How Climate Change Affects Colombia’s Coffee Production
If your day started with a cup of coffee, there’s a good chance your morning brew came from Colombia. Home to some of the finest Arabica beans, the country is the world’s third largest coffee producer.
Climate change poses new challenges to coffee production in Colombia, as it does to agricultural production anywhere in the world, but a new University of Illinois study shows effects vary widely depending on where the coffee beans grow.
“Colombia is a large country with a very distinct geography. The Andes Mountains cross the country from its southwest to northeast corner. Colombian coffee is currently growing in areas with different altitude levels, and climate impacts will likely be very different for low altitude and high altitude regions,” says Sandy Dall’Erba, professor in the Department of Agricultural and Consumer Economics (ACE) and director of the Regional Economics Applications Laboratory (REAL) at U of I. Dall’Erba is co-author on the study, published in Agricultural Systems.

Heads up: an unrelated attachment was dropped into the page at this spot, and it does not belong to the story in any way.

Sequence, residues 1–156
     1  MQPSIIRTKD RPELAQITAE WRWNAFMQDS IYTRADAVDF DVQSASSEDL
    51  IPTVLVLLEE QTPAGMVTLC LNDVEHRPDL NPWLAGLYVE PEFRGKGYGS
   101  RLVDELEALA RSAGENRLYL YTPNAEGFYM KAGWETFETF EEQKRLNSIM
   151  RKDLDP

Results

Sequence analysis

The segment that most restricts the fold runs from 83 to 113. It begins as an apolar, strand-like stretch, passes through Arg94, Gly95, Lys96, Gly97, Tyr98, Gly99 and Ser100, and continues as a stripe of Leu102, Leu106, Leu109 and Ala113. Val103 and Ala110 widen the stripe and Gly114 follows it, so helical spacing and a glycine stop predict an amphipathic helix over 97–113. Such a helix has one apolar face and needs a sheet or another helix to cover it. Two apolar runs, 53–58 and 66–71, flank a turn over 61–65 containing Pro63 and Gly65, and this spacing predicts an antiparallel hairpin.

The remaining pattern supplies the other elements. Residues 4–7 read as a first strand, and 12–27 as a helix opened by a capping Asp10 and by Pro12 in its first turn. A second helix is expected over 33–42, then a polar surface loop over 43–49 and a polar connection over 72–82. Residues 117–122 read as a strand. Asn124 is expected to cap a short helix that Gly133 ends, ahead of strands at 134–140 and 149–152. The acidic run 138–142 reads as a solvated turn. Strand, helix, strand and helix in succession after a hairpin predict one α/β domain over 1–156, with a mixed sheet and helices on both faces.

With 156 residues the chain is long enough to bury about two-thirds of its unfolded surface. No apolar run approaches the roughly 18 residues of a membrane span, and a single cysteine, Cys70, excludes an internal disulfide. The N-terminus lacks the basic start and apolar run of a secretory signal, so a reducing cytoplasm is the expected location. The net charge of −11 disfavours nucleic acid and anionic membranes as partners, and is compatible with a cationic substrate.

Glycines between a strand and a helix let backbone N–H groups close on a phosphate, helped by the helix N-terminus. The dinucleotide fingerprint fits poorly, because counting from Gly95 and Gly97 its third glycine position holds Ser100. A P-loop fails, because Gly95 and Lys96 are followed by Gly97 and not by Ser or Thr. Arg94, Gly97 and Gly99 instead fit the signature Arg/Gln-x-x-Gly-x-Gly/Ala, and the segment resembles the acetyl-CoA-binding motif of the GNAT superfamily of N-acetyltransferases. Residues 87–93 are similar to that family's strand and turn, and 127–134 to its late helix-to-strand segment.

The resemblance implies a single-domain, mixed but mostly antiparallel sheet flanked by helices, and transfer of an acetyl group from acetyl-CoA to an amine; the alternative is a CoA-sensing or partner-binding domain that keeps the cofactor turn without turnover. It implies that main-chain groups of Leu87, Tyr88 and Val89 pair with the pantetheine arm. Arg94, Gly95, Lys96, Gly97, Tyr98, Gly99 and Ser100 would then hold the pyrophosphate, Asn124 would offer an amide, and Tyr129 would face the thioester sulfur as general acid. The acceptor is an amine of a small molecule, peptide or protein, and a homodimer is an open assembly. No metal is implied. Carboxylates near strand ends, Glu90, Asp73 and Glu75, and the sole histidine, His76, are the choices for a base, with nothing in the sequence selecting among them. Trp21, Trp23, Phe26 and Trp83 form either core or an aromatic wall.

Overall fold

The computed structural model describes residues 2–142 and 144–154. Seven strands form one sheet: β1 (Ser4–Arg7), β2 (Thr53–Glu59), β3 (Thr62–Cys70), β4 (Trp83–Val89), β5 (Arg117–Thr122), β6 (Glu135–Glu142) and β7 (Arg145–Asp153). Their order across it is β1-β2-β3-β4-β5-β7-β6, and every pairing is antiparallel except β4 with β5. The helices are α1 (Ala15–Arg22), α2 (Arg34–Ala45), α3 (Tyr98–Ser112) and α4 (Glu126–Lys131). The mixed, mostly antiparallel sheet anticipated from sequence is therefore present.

Other studies on the future of coffee production have either considered the country as a whole, or focused on a few areas within the country.
Dall’Erba and lead author Federico Ceballos-Sierra, who recently obtained a Ph.D. from ACE, look at climate and coffee production for the entire country, broken down into 521 municipalities. This high level of detailed information allows them to identify significant regional variations.
“Colombia is not going to experience reduced productivity overall. But when we look into the impact across municipalities, we see many differences that get lost in the national average. That has important implications for coffee growers who live in one municipality versus another,” Ceballos-Sierra says.